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2.

How to find current best evidence


and have current best evidence find us

My students are dismayed when I say to them Half of what you are taught as medical students will in 10 years have been shown to be
wrong. And the trouble is, none of your teachers knows which half.
(Dr Sydney Burwell, Dean of Harvard Medical School1)
As highlighted in the Preface, keeping up-to-date with current best evidence for the care of our patients is challenging. As Dr Burwells quote
from half a century ago indicates, new medical knowledge was evolving quite quickly then. In the past decade, the pace has accelerated
because of the maturation of biomedical research (from bench to bedside), and huge new investments in health care research of over
US$100 billion per year.
One solution for the problem of obsolescence of professional education is problem-based learning or learning by inquiry. That is, when
confronted by a clinical question for which we are unsure of the current best answer, we need to develop the habit of looking for the current
best answer as efficiently as possible. (Literary critics will point out the redundancy of the term current bestwe risk their scorn to
emphasize that last years best answer may not be this years.)
The success of learning by inquiry depends heavily on being able to find the current best evidence to manage pressing clinical problems, a
task that can be either quick and highly rewarding or time-consuming and frustrating. Which of these it is depends on several factors that
we can control or influence, including which questions we ask, how we ask these questions (see Ch. 1), which information resources we use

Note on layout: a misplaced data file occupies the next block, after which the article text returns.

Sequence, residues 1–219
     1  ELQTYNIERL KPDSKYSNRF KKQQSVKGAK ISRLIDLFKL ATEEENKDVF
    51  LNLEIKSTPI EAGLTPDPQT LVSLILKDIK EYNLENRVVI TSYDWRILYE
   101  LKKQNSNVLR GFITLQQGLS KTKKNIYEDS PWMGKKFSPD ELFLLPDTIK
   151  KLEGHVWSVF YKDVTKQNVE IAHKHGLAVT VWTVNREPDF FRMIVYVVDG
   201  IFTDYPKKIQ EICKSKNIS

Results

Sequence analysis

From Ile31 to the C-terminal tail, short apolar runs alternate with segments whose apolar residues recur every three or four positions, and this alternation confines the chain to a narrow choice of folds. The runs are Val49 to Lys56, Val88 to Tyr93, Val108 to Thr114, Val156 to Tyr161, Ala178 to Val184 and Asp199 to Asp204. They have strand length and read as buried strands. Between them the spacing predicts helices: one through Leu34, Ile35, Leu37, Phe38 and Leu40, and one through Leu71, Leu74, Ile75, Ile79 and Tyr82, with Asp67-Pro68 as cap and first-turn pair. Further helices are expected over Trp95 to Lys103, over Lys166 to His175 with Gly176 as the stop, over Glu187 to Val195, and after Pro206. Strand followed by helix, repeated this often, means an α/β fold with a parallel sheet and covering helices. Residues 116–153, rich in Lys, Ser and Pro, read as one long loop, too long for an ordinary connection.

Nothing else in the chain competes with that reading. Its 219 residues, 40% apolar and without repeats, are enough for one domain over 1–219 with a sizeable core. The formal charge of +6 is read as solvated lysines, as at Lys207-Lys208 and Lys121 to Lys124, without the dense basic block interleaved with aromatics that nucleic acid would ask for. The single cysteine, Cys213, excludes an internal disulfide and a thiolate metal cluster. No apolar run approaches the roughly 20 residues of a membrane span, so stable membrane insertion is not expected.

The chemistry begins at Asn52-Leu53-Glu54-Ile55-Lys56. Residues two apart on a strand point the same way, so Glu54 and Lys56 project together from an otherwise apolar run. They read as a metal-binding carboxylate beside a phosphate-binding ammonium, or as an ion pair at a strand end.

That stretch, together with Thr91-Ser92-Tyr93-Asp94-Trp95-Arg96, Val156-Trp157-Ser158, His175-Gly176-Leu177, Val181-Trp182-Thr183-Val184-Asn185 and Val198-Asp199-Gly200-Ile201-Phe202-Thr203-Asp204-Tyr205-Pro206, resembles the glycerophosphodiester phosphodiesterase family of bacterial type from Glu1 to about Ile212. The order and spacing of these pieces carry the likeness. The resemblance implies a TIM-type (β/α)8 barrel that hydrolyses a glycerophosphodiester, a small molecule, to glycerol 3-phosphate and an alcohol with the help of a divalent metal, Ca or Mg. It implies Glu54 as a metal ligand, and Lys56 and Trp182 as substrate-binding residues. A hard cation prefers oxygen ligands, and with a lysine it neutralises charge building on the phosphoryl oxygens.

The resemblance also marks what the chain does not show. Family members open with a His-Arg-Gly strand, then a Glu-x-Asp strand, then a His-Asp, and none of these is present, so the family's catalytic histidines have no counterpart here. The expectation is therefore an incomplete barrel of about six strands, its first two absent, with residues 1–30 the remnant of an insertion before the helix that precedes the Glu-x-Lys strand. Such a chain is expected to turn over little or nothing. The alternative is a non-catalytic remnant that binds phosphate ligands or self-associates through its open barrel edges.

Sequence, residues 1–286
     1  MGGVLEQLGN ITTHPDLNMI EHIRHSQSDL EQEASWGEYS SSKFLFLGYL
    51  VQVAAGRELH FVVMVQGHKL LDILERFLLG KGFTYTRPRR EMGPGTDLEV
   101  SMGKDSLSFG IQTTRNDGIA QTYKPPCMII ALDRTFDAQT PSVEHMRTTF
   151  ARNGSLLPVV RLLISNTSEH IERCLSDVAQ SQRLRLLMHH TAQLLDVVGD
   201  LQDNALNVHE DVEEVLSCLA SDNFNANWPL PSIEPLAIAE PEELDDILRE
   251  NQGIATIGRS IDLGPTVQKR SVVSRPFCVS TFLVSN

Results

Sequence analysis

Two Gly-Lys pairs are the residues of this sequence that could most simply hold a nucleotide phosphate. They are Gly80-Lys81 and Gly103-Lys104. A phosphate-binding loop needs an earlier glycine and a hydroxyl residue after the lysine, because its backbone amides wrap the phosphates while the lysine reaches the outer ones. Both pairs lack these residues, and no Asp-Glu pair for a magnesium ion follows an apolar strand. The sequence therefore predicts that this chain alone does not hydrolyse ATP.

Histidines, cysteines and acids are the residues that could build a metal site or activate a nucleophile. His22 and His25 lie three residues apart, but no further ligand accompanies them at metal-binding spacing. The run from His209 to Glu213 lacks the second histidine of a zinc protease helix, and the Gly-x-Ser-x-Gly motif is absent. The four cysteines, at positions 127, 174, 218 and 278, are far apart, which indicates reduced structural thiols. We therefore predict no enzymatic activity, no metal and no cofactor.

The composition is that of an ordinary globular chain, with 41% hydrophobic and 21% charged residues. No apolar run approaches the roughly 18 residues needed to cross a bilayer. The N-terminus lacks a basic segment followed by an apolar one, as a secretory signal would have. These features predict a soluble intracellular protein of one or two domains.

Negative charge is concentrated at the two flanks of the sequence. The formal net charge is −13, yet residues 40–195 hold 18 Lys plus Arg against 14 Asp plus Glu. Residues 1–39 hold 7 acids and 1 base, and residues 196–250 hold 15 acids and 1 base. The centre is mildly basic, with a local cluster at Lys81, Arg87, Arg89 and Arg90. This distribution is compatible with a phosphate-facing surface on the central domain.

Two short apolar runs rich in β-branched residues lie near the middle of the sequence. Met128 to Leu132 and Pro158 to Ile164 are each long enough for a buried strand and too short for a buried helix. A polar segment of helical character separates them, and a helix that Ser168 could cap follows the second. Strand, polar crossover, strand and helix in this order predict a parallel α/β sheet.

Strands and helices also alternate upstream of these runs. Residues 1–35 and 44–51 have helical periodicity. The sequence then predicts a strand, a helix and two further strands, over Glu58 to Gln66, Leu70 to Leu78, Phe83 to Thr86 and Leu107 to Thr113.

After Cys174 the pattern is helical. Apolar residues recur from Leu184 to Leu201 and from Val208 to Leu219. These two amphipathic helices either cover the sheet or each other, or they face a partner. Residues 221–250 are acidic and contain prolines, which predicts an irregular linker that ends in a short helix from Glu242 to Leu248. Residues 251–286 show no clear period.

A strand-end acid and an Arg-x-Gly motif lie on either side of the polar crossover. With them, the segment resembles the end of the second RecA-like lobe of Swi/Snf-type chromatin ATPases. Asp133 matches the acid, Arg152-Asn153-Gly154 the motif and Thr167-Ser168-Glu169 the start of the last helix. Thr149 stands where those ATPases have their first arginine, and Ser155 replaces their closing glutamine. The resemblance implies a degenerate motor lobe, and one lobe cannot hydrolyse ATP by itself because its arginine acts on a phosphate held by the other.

(the subject of this chapter), and how skilled we are in interpreting and applying these resources (detailed in the chapters that follow). We
can learn a great deal about current best information sources from librarians and other experts in medical informatics, and should seek
hands-on training from them as an essential part of our clinical training. This chapter provides adjunctive searching strategies for clinicians
to use to find evidence quicklyincluding some that you may not learn from librariansas well as an approach to dealing with evidence that
finds us, bidden or unbidden.
Here, we consider finding evidence to help solve clinical problems about the treatment or prevention, diagnosis and differential diagnosis,
prognosis and clinical prediction, cause, and economics of a clinical problem. Best-evidence resources are built according to an explicit
process that values research according to its scientific merit (hierarchy of research methods) and clinical relevance. You will learn these
principles as you go through this book. To be useful for providing the evidence we need for a particular clinical problem, best-evidence
resources must be in formats that facilitate rapid searching to find exact matches for clinical questions. Whether the search engine is
electronic or manual (e.g. scanning the pages of a pocket notebook), the important features are portability and easy navigation from clinical
questions to evidence-based answers. Fortunately for the readers of this book, this combination of evidence-based content and easy access
is now available for a rapidly growing number of health care problems, with vigorous efforts underway to tackle clinical disciplines that are
presently not well served. The next part of this chapter provides an orientation to the types of evidence-based sources that exist today. This
is followed by opportunities to track down the answers to specific clinical problems.

ORIENTATION TO EVIDENCE-BASED INFORMATION RESOURCES


Where to find the best evidence
1. Burn your traditional textbooks
We begin with textbooks, only to dismiss all but the best of a new breed of them. If the pages of textbooks smelled like decomposing
garbage when they are outdated, the non-smelly bits could be useful, because textbooks are generally well organized for clinical use and
much of their content will be current at any one time. Unfortunately, in most texts, theres no way to tell what is up-to-date and what is not.
So, although we may find some useful information in texts about background questions, such as the pathophysiology of clinical problems,
it is best not to use them for seeking the answers to foreground questions, such as the causal (risk) factors, diagnosis, prognosis,
prevention or treatment of a disorder if there is an up-to-date, evidence-based alternative.